When Misty Lown founded Misty's Dance Unlimited in Onalaska, Wisconsin, purchasing her space was not an option. “I was fresh out of college, and I didn't want to be tied to a permanent situation," she says. Instead, she decided to lease with an option to buy after five years. Nineteen years later, she not only owns her own location (a different, bigger space than her original rental), but she offers consulting services to studios through her company, More Than Just Great Dancing. Transitioning to ownership made sense for Lown, but it's not right for every studio owner. Here are factors to consider when weighing your options.


When to Rent

As a first step. Buying space usually requires a substantial financial commitment, so renting offers a better first step for new studio owners. It lets them test the market and location, grow their clientele and start to make a profit (which usually takes a few years).

For flexible growth. Tiffany Henderson, who rents the eight locations of Tiffany's Dance Academy (seven studios in California, and one in Boise, Idaho), says renting gives her businesses the freedom to grow physically as they grow in popularity. “If you're buying, you have to predict exactly how big you'll get," she says. “But if you lease, you can always start small and then move to a bigger space—or downsize if necessary."

Having a landlord comes with trade-offs. While you cede some leeway in terms of changes you can make to the physical space, you also gain someone to turn to if something needs fixing or updating.

When to Buy

Buying guarantees more control over your space. “The biggest hurdle for me was coming up with that down payment," says Lown, who extended her lease a couple of years until she had earned enough money. “But over time, I knew I could own for close to the same monthly price as renting, so it became a matter of, 'Do I want my money to build somebody else's future or my own?'"

Tax advantages. Purchasing a building is generally done via a commercial mortgage with monthly payments similar to rent. The initial down payment will generally be about 20 percent of the total building price. Lown warns that taking out a loan can be an expensive process in itself. Expect attorney fees, inspection fees and title search fees and closing costs like bank fees, processing fees or appraisal fees, which can vary a good deal. “There were also new costs once I got inside, like building insurance and the water bill, that I hadn't accounted for," Lown says. But owning has financial pluses as well, like tax deductions for mortgage interest, property depreciation and maintenance costs.

Building equity. Once the initial loan fees are paid, monthly costs should be comparable to renting. And as owners pay their mortgages, they build equity in their property—the amount of the building you truly own. “We see so many school owners who get to the end of an amazing, productive and meaningful career as teachers, and they don't have an exit strategy," says Lown. “Having a real estate component to your service business mitigates some of the risk. When you get to the end of your teaching days, if you're not able to sell your business, at least you still have an asset with value."

4 Considerations When Negotiating Your Lease

If you rent, read your lease carefully before signing—and discuss with an attorney any terms that concern you. You will have the greatest leverage to negotiate when you first sign the lease.

Beware of hidden costs. “Some commercial lessors will come up with a lower cost per square foot, but they'll make you responsible for certain operating costs, like snowplowing," says small-business consultant Thomas Gray.

Check maintenance details. Be sure you know exactly what utilities are included, like heat and water. Plus, confirm that regular maintenance and improvements will not only be done, but will be done in a timely manner without extra cost. For example, Gray says he'll often stipulate that roof leaks need to be fixed quickly to avoid damage to studio floors.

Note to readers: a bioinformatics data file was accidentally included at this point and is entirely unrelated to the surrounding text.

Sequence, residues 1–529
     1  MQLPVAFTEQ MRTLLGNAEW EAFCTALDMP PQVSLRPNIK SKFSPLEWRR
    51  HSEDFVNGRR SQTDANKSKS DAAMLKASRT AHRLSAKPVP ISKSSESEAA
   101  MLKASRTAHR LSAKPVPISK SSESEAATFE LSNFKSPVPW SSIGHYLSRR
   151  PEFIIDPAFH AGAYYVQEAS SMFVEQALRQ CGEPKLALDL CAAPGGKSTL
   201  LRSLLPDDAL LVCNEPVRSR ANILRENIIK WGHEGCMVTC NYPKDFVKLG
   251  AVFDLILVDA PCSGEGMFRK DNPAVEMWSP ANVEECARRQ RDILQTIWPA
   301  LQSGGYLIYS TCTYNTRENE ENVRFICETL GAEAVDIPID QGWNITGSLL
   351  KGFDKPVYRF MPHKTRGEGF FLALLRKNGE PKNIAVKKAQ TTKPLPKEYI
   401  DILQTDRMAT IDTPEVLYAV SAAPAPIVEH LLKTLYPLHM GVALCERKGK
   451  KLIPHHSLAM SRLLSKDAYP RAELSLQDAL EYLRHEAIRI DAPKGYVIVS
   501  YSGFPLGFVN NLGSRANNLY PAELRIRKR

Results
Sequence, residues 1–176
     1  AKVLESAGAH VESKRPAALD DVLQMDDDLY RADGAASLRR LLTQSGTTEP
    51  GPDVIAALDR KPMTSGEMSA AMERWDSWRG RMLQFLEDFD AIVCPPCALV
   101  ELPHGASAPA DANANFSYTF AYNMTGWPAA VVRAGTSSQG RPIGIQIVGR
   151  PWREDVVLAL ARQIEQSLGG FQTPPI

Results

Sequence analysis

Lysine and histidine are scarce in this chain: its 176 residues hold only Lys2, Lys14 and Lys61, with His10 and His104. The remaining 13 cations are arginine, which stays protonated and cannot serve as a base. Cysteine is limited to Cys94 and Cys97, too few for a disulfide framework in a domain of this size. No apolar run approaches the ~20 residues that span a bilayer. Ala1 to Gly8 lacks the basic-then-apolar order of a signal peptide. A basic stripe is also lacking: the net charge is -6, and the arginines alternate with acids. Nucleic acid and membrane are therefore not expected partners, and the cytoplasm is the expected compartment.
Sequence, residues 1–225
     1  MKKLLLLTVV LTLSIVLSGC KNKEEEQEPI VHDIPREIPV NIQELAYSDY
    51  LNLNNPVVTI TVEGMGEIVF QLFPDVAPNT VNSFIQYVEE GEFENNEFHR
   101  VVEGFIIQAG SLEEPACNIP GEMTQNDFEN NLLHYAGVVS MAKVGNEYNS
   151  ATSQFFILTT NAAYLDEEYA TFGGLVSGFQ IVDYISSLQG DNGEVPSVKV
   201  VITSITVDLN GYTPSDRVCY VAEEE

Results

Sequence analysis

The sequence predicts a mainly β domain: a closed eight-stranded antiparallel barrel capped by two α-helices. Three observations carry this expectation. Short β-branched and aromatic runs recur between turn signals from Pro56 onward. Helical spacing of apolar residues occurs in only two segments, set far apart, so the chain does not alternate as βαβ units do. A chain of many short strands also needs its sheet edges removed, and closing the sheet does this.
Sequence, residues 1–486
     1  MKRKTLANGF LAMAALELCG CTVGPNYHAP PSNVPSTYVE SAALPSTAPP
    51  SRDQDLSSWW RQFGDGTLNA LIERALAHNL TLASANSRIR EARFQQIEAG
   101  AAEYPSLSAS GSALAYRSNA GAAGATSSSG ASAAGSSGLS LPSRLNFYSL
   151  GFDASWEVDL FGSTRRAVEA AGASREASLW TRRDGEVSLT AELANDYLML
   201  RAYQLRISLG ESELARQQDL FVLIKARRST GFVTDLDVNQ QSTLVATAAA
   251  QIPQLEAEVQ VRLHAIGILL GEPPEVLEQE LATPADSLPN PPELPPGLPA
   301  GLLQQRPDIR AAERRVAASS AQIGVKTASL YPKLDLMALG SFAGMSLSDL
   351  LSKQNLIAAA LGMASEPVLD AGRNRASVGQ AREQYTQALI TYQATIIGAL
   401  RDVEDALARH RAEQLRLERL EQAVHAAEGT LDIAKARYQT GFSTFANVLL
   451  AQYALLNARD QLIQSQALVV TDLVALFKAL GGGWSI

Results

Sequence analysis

Avoid competition. If you're in a strip mall or retail complex, you may also want to negotiate an exclusive-use clause, a provision that can prohibit your landlord from leasing to another tenant who offers dance classes.

Provide for an early release, just in case. Most landlords ask that you commit for several years, so review the sublease policy closely in case you want to move sooner, a lesson Henderson learned the hard way. When she opened her business, she signed on to rent a one-room studio for three years—and quickly outgrew the space. She decided to switch locations and sublet the original. “I thought, 'What's the worst that can happen?'" she says. “What happened was that for the next three years, my landlord said no to every person I brought to him, and we paid $3,500 a month for a space that just sat there. I wish I'd known to make sure the lease was written in a way that I could have more control."

Location, Location, Location

Renting or buying, location remains the most important decision when choosing a studio space. Parking availability and public transportation factor in, as does whether to pay more for space in a high-traffic area. A location off the beaten path may cost less but require a bigger investment in marketing. Small-business consultant Thomas Gray recommends scoping out neighboring businesses to judge whether the trade-off is worthwhile. “If you're in a strip center, you want the stores nearby to attract your target market. Toys “R" Us is a great neighbor if you're teaching kids."

Follow the crowd. Certain businesses, like grocery stores, dental offices or daycare centers, scout demographics systematically before moving in. “KinderCare, for example, is a national daycare franchise that has very specific criteria for where they'll put their centers—a certain population density, median income or distance from schools," says studio owner and consultant Misty Lown. “They've already done that research, and you can take advantage of that."

Make a tomorrow decision. Lown also advises studio owners to call their school districts and ask, “Where are you planning to build elementary schools in the next 10 years?" “Their answer might be counterintuitive, maybe on the outskirts of town where the next 500 homes are going to be built. But who's going to live there? Young families looking for a dance studio," she says. “You're not making a today decision; you're making a tomorrow decision. And finding that new blue sky takes some digging."